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Infected Hemodialysis Arteriovenous Fistula with Distant Explosive Pleuritis: A Rare Phenomenon

Unusual clinical course

Muhammed Atere, Krisha Arora, Urvi Bhavsar, Farhang Ebrahimi, Jay M. Nfonoyim, Jessie Saverimuttu

USA Department of Internal Medicine, Richmond University Medical Center, Staten Island, NY, USA

Am J Case Rep 2020; 21:e924264

DOI: 10.12659/AJCR.924264

Available online: 2020-06-04

Published: 2020-07-17


#924264

BACKGROUND: The management of patients with end-stage kidney disease can be accomplished with hemodialysis via a surgically created arteriovenous fistula. An arteriovenous fistula has an advantage because of the ability to serve as permanent access for hemodialysis over several months to years; however, it has a disadvantage because of its associated vascular and infectious complications. An infectious complication such as explosive pleuritis, which is usually due to respiratory infections, in the setting of an infected arteriovenous fistula site infection, is extremely rare.
CASE REPORT: A 36-year-old man with a past medical history of IgA nephropathy on hemodialysis with a left forearm arteriovenous fistula presented to the Emergency Department because of left flank pain. Despite no recent history or evidence of a respiratory tract infection, he developed explosive pleuritis within 48 h. The presence of Group A Streptococcus at the arteriovenous fistula site coincided with Streptococcus pyogenes infection. The pleural effusion was drained and he was treated with antibiotics. He recovered and was eventually discharged home.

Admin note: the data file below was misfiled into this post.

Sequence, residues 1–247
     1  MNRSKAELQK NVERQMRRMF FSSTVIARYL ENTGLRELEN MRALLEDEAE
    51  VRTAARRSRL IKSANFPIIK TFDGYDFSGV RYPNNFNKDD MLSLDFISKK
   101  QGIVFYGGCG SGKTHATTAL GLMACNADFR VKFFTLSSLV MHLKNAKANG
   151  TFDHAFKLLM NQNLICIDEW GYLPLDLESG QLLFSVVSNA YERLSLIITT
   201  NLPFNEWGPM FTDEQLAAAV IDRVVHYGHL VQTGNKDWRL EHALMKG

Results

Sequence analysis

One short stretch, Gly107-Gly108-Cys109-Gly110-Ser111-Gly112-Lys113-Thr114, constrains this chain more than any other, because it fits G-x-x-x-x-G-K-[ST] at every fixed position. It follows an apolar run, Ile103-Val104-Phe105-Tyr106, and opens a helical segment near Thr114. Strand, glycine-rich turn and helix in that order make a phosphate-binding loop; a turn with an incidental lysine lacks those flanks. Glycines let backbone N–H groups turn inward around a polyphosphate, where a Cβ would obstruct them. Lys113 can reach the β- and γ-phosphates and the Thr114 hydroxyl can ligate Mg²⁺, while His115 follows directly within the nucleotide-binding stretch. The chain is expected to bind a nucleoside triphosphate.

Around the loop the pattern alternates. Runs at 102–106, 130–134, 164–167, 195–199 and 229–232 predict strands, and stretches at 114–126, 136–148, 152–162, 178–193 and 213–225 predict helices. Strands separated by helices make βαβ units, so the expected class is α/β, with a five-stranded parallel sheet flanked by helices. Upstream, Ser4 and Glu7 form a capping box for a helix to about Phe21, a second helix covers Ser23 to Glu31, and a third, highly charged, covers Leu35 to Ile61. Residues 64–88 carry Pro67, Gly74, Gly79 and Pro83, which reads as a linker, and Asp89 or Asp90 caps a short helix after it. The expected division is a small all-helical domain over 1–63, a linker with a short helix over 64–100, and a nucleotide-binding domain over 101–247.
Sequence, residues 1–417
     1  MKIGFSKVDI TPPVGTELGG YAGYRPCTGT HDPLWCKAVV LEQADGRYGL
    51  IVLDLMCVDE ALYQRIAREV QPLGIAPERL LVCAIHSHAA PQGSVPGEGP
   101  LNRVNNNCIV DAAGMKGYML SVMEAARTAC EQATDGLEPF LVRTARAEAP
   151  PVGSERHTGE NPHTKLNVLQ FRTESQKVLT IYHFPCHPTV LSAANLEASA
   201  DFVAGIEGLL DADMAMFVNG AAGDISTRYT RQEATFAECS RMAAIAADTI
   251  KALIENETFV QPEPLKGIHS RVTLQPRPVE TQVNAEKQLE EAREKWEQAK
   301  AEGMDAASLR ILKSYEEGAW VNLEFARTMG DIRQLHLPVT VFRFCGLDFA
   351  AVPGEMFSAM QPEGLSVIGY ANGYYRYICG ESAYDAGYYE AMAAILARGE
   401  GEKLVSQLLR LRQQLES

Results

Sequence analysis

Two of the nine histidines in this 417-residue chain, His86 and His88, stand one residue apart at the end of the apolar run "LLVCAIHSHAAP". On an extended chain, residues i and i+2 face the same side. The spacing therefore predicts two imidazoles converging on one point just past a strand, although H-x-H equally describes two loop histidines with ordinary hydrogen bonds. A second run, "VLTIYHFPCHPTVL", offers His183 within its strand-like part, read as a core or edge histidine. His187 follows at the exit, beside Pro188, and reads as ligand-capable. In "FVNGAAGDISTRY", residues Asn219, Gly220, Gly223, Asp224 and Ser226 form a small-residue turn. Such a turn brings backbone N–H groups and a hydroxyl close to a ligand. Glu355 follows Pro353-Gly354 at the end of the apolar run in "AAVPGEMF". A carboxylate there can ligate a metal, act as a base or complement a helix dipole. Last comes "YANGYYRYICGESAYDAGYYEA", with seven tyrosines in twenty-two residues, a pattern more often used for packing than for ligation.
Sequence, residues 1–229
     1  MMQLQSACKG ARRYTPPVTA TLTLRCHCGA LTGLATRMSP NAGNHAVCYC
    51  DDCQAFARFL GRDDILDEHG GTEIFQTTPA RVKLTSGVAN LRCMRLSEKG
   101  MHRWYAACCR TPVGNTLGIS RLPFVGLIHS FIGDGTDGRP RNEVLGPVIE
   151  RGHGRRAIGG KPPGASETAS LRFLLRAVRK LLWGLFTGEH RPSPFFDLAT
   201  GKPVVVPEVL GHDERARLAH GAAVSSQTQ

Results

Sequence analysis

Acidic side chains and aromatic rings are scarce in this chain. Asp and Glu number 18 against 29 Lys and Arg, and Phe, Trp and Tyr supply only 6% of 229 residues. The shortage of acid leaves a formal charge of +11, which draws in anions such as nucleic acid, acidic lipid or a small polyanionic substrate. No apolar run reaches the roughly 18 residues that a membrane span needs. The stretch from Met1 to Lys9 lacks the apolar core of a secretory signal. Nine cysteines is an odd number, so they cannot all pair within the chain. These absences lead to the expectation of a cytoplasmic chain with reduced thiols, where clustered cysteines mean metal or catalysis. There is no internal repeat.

CONCLUSIONS: Explosive pleuritis, although less frequent, is almost always secondary to respiratory tract infections. An arteriovenous fistula site infection may be the source of infection of an internal organ if no apparent source is identified.

Keywords: Arteriovenous Fistula, Empyema, Pleural Effusion, Pleurisy, Streptococcus pyogenes



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